Libraries serve everyone. We serve patrons who are already at high risk for harassment and violence. Libraries must do their part in mitigating the risk that insider threat creates for our patrons who depend on the library for resources and support. Otherwise, we become one more threat to our patrons’ privacy and potentially their lives or the lives of their loved ones.
What does the toolkit cover? The topics range from the data lifecycle and managing vendor relationships to creating policies and procedures to protect patron privacy. The toolkit covers specific privacy concerns in the library, including law enforcement requests, surveillance, and data analytics. We also get to meet Mel and Rafaël, two library patrons who have unique privacy issues that libraries need to consider when thinking about patron privacy. At the end of the toolkit is an extensive resource section with library privacy scholarship, professional standards, and regulations for further reading.
This toolkit is part of a larger group of resources, including templates and examples libraries can use to develop contract addendums, privacy policies and procedures, and data inventories and privacy risk assessments. In short, there are a lot of resources that are freely available for you to use in your library! Please let us know if you have any questions about the project resources.
Finally, stay tuned – the project is going into its second year, focusing on “train the trainer” workshops for both data privacy and cybersecurity. We’ll keep you updated as more materials are published!
Today marks the second day of NaNoWriMo – National Novel Writing Month. For years many aspiring (and established) writers spend countless hours writing to reach the goal of a 50,000-word manuscript. If you do the math, you would have to write about 1700 words a day to reach the goal! Novels are the primary genre for NaNoWriMo, but that hasn’t stopped others from taking the idea of a writing month and using it for other genres. For example, this month is also AcWriMo, or Academic Writing Month, for academics who need to buckle down to write that research book or article.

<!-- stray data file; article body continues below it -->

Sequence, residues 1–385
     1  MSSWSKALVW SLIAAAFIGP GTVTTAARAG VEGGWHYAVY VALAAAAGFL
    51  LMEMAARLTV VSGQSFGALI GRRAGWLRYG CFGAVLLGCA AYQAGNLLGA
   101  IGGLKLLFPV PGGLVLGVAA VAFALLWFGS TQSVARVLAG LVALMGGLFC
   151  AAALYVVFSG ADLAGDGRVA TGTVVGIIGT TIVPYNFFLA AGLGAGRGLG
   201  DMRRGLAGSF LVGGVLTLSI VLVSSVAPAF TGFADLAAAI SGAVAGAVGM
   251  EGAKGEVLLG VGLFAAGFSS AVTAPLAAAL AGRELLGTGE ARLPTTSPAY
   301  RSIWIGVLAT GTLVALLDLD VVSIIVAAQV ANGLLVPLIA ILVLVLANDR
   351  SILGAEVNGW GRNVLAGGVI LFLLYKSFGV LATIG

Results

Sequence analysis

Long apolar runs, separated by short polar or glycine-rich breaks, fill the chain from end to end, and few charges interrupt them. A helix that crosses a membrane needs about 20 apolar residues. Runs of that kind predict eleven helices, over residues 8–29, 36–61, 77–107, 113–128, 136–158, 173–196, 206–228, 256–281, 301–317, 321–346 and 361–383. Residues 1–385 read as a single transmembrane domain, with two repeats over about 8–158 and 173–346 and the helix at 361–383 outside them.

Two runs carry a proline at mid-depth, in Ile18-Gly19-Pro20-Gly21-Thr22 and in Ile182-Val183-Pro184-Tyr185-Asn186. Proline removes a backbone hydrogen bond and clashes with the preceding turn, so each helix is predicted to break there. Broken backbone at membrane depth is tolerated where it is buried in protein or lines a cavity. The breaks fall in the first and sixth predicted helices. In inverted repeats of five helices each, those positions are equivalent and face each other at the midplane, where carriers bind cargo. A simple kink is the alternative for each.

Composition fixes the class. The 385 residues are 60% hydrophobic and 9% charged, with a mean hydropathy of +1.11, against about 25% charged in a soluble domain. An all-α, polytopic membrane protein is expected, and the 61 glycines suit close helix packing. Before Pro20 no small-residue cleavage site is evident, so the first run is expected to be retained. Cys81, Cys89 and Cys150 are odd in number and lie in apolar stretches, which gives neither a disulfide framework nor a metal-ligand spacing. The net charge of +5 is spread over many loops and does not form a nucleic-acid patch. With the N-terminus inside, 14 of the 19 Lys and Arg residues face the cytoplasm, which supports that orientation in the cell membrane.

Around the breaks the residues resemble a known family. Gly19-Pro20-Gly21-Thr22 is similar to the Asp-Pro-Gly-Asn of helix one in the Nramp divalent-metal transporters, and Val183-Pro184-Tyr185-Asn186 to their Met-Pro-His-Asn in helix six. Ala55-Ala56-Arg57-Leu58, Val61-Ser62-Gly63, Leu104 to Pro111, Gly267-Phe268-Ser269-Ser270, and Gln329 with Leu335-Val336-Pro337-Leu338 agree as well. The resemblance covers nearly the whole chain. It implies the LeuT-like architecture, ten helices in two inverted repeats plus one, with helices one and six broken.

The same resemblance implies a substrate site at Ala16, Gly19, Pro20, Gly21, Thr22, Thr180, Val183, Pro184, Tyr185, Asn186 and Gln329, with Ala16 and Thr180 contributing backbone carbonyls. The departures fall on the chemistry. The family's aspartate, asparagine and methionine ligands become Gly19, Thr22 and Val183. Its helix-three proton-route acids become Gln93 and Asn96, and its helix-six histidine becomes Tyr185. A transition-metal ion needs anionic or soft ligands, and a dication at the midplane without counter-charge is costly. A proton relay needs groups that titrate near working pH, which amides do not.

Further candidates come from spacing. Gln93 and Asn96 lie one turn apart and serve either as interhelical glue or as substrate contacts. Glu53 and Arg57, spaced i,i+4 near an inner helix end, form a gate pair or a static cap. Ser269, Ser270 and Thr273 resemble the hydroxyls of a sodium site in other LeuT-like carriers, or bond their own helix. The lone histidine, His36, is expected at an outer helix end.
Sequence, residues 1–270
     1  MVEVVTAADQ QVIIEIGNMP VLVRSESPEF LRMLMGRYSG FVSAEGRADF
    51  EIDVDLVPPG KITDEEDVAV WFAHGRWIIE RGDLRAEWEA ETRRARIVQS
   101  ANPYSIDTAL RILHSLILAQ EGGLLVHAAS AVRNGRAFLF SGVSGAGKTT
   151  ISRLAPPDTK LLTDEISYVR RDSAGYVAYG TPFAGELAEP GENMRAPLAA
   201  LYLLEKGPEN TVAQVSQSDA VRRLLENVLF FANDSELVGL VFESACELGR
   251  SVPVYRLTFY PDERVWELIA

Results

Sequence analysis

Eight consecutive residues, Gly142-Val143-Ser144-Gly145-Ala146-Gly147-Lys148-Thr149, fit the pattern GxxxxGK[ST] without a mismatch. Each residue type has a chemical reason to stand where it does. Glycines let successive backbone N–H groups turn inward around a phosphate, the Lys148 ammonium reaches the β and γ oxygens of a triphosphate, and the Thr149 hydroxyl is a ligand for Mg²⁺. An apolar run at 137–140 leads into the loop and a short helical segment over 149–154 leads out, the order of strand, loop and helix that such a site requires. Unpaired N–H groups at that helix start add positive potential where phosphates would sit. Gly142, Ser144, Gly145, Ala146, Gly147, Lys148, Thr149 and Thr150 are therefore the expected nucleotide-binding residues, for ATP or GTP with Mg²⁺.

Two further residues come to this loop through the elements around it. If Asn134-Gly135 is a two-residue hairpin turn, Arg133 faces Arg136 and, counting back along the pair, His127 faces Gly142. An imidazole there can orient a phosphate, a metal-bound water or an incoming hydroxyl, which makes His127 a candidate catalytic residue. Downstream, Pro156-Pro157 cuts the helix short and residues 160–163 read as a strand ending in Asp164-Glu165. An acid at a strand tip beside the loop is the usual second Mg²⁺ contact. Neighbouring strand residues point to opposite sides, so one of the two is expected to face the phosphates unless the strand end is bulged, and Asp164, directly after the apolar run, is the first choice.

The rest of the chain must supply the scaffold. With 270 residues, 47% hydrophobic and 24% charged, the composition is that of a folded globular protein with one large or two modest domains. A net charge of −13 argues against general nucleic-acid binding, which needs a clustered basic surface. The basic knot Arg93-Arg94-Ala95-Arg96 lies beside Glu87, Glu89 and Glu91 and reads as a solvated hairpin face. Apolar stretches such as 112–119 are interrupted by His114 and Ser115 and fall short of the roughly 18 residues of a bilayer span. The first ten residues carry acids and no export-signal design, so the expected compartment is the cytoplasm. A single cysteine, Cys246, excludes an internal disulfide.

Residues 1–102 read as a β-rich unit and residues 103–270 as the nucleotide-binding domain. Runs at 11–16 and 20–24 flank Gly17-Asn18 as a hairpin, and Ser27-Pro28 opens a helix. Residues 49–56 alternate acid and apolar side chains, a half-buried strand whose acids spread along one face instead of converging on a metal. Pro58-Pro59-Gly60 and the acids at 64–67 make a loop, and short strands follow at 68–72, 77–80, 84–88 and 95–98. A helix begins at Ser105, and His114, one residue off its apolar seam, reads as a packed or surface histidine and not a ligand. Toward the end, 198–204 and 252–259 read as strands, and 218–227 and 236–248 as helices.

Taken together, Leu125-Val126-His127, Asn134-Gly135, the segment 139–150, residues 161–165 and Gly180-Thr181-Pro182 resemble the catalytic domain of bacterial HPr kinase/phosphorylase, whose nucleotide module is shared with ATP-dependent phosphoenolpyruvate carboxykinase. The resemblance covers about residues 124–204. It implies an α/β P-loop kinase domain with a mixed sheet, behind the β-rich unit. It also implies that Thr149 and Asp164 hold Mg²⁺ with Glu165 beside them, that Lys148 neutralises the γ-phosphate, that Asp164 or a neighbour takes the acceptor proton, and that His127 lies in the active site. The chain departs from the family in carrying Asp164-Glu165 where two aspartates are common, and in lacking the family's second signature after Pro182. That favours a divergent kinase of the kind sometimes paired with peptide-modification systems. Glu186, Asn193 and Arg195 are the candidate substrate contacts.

With November being the month of writing, why not join in the fray with writing about data security and privacy? Our recent Cybersecurity Awareness Month posts discussed the importance of interactive and engaging training, so the question now is how you can build a data security and privacy training that won’t put staff to sleep, or worse, demotivate them from taking proactive privacy and security measures to protect patron data. One way to create engaging training is to use stories and scenarios. Drawing from real-world examples is a start, but the challenge is turning that example into a scenario where training participants are invested in addressing the problems presented in the story. Here are a few tips to help you with the writing process!
Characters – who are the major players in the scenario? Staff person, patron, vendor, random person who comes off the street, the cat who keeps sneaking into the library building? Once you have the characters, what roles do they play? What are their motivations? Why do they do the things they do or think the way they think?
So many questions, even for a short scenario! Take a page from User Experience (UX) and create personas to help with the character-building process. Even a shortlist of who they are, what motivates them, what they want, and what they know can help hone the scenario narrative as well as introduce common types of motivations, knowledge/skill levels, and different types of threat actors or people that might face additional privacy risks to training attendees.